As many of us know in the investment world, the ability to look at things on a comparable, or relative basis, is of high importance when performing valuations or deriving an opinion on a company or whatever. But we also apply this same concept to our personal lives everyday- sometimes consciously aware and and sometimes not- We strive for things, and then those lucky enough to achieve or obtain what we strive for want yet more. This would seem like the natural way of things since it’s so pervasive. But I wonder if while this phenomenon only motivates us to strive for more (not necessarily a bad thing), it can also be an impedement to true and lasting happiness. Of course there are many other factors that contribute to our well being. But if we are so caught up in trying to achieve the next greatest thing based on regularly creating new “benchmarks” can we truly enjoy what we have? In the Investment world relativism may have limits, but in the greater world maybe not. just a thought-
Very interesting thought - I find myself in the same predicament. I’m always looking towards what is “next” and what to do to get there, which impedes my ability to truly enjoy the present. Some say that it doesn’t matter where you wind up, it’s the journey that matters. I have to learn to appreciate and apply this way of thinking…otherwise I risk not enjoying life to its fullest.
i agree with enjoying the moment. this is one reason why i haven’t jumped out the window of my Discount brokerage yet.
I think many people in this industry live for tomorrow (which I do). I think that’s the nature of our innate personalities, and I think this personality is attracted to finance. I know a lot of people–particularly some of my closest friends–who live for the moment and don’t care one iota about tomorrow.
FrankArabia Wrote: ------------------------------------------------------- > i agree with enjoying the moment. this is one > reason why i haven’t jumped out the window of my > Discount brokerage yet. I don’t get it, are you staying because its easier to find time to finish all your exams?? oh, can you give me some advice on the black book? I have a thread about it down below.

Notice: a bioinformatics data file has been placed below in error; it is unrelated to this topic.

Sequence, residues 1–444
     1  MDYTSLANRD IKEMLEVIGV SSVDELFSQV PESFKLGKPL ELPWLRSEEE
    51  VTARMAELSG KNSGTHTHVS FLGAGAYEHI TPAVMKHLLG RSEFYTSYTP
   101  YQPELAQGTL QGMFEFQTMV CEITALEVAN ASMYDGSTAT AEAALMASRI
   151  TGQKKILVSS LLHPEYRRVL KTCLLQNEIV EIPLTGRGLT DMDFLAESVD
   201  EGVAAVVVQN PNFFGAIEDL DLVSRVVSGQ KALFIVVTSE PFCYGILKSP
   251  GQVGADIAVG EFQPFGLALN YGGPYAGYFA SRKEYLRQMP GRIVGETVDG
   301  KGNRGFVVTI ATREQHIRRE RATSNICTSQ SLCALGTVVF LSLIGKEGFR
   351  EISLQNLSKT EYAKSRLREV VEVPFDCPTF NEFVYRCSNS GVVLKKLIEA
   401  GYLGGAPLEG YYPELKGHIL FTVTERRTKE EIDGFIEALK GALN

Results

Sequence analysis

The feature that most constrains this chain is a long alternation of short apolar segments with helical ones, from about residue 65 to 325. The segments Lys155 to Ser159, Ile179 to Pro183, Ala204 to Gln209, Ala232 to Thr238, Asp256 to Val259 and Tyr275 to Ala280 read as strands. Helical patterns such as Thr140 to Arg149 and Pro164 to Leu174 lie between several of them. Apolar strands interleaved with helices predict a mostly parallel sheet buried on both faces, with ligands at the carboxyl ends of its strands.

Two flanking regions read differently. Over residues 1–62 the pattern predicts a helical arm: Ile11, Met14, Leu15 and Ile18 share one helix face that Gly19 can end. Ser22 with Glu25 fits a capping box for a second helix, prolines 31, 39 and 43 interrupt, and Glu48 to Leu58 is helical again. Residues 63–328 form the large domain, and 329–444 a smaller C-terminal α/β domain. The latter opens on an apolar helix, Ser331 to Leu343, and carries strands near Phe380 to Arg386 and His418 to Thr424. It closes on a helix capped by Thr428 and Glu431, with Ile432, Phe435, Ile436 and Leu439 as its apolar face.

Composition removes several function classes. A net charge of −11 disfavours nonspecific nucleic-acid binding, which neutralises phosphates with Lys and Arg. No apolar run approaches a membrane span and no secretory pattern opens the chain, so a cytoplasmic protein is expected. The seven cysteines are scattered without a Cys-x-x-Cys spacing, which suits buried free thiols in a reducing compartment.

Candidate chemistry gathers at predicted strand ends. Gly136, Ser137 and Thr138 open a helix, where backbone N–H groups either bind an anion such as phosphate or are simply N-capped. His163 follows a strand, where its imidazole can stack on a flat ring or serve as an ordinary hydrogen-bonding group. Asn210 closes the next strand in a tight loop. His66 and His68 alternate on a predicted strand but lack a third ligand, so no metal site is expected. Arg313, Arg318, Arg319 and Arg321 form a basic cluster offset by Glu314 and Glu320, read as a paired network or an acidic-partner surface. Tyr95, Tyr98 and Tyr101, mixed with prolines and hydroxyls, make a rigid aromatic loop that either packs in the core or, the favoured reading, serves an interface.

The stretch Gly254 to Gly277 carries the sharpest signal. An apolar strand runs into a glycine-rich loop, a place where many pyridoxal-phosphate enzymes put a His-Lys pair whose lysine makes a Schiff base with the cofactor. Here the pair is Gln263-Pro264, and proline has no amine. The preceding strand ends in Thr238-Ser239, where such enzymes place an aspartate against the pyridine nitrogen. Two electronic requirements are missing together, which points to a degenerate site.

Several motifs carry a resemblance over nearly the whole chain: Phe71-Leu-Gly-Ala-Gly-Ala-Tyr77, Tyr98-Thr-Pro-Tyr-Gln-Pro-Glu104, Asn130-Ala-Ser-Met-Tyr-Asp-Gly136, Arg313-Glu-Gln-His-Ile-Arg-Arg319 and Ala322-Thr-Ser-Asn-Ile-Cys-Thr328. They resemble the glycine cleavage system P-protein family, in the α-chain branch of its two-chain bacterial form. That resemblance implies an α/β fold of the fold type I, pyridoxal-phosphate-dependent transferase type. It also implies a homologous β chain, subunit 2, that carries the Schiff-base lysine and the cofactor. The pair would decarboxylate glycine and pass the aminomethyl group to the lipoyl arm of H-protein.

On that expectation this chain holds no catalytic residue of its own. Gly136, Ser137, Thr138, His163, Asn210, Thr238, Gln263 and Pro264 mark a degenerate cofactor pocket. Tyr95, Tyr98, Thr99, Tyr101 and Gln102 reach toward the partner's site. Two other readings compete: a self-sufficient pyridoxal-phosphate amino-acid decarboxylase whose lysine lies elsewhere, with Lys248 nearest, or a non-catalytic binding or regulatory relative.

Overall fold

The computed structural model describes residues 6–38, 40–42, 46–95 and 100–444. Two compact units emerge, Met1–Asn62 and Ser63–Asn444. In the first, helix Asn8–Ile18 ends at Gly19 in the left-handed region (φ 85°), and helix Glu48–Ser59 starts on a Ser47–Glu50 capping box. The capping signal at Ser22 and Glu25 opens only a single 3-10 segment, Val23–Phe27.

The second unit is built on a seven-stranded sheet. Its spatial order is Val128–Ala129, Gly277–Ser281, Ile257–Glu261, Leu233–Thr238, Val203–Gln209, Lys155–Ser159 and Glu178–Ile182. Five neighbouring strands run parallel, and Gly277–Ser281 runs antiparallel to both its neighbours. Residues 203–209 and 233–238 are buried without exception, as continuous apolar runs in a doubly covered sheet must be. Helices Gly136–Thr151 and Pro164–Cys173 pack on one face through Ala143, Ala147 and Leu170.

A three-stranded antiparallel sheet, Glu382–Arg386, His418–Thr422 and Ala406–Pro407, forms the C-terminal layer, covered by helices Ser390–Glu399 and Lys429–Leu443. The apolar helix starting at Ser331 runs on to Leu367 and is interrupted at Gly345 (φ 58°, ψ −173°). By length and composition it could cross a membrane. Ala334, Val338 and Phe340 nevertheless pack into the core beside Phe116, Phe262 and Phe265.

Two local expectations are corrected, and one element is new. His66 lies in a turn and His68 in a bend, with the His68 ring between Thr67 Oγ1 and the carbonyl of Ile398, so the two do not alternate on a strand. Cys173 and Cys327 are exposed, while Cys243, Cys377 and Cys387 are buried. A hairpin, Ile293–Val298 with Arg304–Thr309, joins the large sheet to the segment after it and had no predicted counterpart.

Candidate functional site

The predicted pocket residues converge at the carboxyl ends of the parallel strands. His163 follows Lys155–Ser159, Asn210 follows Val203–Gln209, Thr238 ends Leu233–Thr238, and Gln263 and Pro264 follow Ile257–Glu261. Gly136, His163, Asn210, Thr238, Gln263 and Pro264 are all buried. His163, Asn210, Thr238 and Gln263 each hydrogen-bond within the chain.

but there is a difference between living for tomorrow and planning for tomorrow. i often think about next year, five years etc. but not necessarily at the expense of today. i’ve got two kids (2yrs and 2 mos), and if i look down the road too much, i’ll miss some really cool things as they grow up.
So the answer is Big ten MBA then, correct? Willy
DirtyZ Wrote: ------------------------------------------------------- > Very interesting thought - I find myself in the > same predicament. I’m always looking towards what > is “next” and what to do to get there, which > impedes my ability to truly enjoy the present. > Some say that it doesn’t matter where you wind up, > it’s the journey that matters. I have to learn to > appreciate and apply this way of > thinking…otherwise I risk not enjoying life to > its fullest. i think thats a common problem for alot of us because certain personality types self select into this profession. the way i think often bothers me because its so at odds with what alot of my friends are like, but it seems that even at a very early age ive been programmed to be this way. Like an earlier poster has said I just hope that I dont miss out on life, while at the same time I have this need to always be working towards some future goal.